Is Google callous or careless with our privacy?


On the 16th of September 2022 a security researcher posted the discovery of a serious privacy issue with chrome's enhanced spellcheck and some of the largest websites in the world. The spellcheck feature in the browser could have leaked passwords and other sensitive information to various websites.

I was asked if such a lack of care about user privacy was callous on google's part. Why had this security bug not been noticed? Could they not have implemented an exception or a workaround?

This isn't just about google.

We see similar incidents with implementations using various javascript frameworks.

There is also a carelessness with how development is happening in live production environments.

The recent twitter whistle-blower revelations showed just how many coders have access to live data and code at one time. [1],[2]

So you have complex systems interacting with one another with no one engineer understanding how the systems work.  It's possible that the engineers involved had no idea of the vulnerability when they wrote the code.  You have to understand the system fully in order to see the risk.  The March testimony of Senior Facebook engineers demonstrated this lack of knowledge. [3]

So developers may not have realized they should create a workaround to bypass the password text box.

But we have some fundamental questions to ask about our platforms in general and in particular, how many of our browser functions should be handled locally, rather than up in the cloud.

Why did the spell checker need to communicate back to base in the first place?  For spell checking, why weren't the dictionaries local?  How many of our systems are more online connecting back to log our data, including what we type?  Consumers are very used to interacting with hosted services now.  We've ended up with the idea of the Networked Computer proposed by Larry Ellison in the 1990s.  With our data being stored in centralized silos.  [4]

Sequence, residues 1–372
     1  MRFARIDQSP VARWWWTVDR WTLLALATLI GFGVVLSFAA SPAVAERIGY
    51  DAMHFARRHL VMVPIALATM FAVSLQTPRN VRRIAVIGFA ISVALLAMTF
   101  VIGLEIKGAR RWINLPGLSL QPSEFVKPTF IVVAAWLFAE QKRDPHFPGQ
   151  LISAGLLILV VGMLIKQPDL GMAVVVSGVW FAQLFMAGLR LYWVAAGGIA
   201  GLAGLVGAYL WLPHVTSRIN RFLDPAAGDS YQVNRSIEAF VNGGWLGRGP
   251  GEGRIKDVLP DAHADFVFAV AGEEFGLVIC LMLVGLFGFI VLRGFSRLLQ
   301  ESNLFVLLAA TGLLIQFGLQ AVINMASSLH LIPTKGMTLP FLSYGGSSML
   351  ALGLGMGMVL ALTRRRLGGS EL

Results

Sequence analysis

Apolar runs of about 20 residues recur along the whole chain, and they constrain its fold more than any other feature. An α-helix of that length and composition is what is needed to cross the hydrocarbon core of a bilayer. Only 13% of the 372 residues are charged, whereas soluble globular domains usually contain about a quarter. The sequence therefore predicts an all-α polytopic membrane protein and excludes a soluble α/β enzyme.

We need to realise that the more information that can be collected by browsers can be used elsewhere. Sold on elsewhere.

As we see more and more knowledge-based systems (AI) being created to serve us, how our private information is collected and processed is going to increase the risk to privacy.  Including our spell and grammar checkers.  We need to look at the terms and services of the services we use and where our keystrokes are being logged.

What does this new incident tell us about big tech's approach to Security and Privacy?

There's a danger of coders using common features with very little idea of the additional functionality that may then expose sensitive data. There needs to be more investment into further investigation of these features, more to the point to investigate where the code that implements the functionality may be used elsewhere in applications.

We also need to consider how much of our social networks and cloud systems rely on a common set of tools.  We already have had other incidents involving the support of FOSS software in general with very little being contributed back to projects by companies that use that code.[5]
Take for example the node.js controversy last year, where a developer unpublished his node module that was used by thousands of projects. [6]

A lot of these companies use FOSS code, but their business practices and strategy are very private.  So we have very little transparency on how those systems interact with our data.  Especially when you consider that Google is an ad business.    In our marketplace where the right ads need to appear in front of potential impressions, there more information that can be sucked up the better.

With the current trend of DevOps continuing rather than having separate development and production environments we will see more incidents like this.  The early cultures of companies like Google, Facebook, and Twitter meant that there were always going to be risks to the stability and reputation of these companies.  The earlier culture of "move fast break things" doesn't just disrupt systems, it puts private information at risk.